The Housing Minister, Grant Shapps, MP announced earlier this year plans to make sub-letting of social housing a criminal offence.
As we are all too aware, social housing tenants who sub let can earn thousands of pounds a year renting their homes out to private tenants and if discovered, face no greater a penalty than the possibility of the losing their tenancy.
It is the intention of the Government to hit back at this huge problem. It’s estimated that nationally between 50,000 to 160,000 social homes are sub let, which cannot be tackled by social housing providers alone, by reason of their limited resources and has been made more difficult by the evidential and procedural requirements in possession and forfeiture claims before the Courts, particularly in light of the Commonhold and Leasehold Reform Act 2002.
The Government’s current proposals are:
(a). A new criminal offence of tenancy fraud with a maximum sentence of two years’ imprisonment and a fine of up to £50,000;
(b). Payment of the proceeds of the tenancy fraud to the social housing provider, rather than being confiscated by the Government; and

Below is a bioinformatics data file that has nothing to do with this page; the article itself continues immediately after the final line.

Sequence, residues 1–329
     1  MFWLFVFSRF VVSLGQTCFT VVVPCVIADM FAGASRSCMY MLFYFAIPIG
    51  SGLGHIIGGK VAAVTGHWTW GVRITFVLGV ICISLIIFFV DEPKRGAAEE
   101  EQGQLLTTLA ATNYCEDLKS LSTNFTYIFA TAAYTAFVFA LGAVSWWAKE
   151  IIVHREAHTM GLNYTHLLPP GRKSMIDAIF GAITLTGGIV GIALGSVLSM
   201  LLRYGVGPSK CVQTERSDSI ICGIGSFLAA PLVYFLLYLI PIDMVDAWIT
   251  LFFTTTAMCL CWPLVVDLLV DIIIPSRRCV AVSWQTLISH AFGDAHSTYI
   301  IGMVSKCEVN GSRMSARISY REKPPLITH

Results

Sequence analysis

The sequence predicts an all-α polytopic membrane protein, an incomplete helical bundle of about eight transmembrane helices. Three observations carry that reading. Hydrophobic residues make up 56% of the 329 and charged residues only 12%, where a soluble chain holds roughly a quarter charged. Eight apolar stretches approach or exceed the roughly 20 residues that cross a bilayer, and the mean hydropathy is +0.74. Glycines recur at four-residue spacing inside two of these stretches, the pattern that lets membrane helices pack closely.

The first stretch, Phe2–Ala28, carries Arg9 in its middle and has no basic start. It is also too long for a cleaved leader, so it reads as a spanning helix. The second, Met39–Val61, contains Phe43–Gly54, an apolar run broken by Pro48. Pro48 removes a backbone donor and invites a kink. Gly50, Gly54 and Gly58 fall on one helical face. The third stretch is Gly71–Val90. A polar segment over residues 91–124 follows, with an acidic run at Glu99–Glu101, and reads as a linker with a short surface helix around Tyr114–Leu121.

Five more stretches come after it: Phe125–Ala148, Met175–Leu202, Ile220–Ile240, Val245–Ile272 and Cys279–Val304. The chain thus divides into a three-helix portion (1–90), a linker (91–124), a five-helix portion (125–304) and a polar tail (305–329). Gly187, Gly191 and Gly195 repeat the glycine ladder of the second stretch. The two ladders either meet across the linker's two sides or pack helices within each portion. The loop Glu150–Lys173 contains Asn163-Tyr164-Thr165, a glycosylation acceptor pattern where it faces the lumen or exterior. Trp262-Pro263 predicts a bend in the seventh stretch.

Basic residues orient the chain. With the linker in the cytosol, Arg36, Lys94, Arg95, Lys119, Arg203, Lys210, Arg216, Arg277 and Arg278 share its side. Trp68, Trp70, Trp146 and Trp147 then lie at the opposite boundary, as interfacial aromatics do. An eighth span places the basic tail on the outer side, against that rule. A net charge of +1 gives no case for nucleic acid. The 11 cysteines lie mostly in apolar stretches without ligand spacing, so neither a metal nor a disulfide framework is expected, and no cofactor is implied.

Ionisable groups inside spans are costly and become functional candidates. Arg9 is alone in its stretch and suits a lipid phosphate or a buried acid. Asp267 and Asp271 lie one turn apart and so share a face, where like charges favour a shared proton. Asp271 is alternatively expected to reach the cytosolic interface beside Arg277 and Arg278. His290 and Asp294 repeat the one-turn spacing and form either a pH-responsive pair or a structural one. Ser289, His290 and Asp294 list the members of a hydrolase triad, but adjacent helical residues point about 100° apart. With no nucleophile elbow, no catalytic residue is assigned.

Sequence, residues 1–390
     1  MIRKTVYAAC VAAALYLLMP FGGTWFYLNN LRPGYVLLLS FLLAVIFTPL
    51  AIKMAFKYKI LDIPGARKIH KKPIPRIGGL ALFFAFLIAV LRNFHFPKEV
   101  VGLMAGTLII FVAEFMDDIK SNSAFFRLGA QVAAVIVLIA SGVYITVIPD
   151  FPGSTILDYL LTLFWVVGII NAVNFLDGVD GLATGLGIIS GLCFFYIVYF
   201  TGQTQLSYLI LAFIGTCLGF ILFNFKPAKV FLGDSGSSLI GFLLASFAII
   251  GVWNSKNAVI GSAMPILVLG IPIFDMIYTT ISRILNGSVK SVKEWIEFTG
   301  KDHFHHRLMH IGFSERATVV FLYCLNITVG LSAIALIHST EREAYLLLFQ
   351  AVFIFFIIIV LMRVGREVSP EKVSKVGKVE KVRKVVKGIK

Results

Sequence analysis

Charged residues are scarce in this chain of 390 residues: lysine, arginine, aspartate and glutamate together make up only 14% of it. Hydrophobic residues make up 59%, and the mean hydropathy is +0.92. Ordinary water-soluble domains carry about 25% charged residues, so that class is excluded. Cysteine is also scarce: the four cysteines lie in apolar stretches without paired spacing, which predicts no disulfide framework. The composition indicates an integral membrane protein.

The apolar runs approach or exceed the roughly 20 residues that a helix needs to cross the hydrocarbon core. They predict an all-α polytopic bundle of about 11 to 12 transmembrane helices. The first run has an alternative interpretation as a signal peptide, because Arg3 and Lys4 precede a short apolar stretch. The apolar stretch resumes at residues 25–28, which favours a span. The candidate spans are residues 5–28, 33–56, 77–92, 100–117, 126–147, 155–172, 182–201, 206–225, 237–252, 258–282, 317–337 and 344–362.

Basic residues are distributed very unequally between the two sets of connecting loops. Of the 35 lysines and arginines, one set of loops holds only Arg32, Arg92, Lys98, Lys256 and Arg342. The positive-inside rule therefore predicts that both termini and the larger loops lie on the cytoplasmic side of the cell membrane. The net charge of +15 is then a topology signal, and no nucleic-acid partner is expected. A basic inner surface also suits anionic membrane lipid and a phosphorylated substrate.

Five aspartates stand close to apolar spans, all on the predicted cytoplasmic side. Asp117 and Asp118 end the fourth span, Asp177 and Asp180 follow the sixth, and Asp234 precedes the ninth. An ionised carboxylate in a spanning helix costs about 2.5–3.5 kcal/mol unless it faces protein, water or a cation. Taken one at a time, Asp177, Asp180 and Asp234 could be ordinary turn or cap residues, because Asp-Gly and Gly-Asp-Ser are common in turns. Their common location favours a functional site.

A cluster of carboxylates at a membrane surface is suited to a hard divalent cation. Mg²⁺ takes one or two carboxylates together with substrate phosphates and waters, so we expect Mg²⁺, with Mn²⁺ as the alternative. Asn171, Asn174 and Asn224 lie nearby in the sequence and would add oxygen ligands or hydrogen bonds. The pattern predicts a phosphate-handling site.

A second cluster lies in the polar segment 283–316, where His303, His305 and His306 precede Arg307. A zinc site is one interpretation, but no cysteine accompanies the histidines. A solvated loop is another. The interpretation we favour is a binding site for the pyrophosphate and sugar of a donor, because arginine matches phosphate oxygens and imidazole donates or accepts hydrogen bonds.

(c). Giving social housing providers greater powers to investigate tenancy fraud with banks and utility companies.
This is obviously great news for social housing providers (although it is unclear as to whether the legislation will have retrospective effect) and cannot come onto the statute books too soon, particularly as social housing providers in the meantime remain under obligation to investigate and seek possession, or forfeiture against those who unlawfully sub let.
This was highlighted as recently as May of this year by the Audit Commission in its criticism of Housing Associations for not making use of the data matching systems under the national fraud initiative.
It is hoped from a Housing Association viewpoint that the Government’s proposals will extend to shared ownership, as well as general needs rent.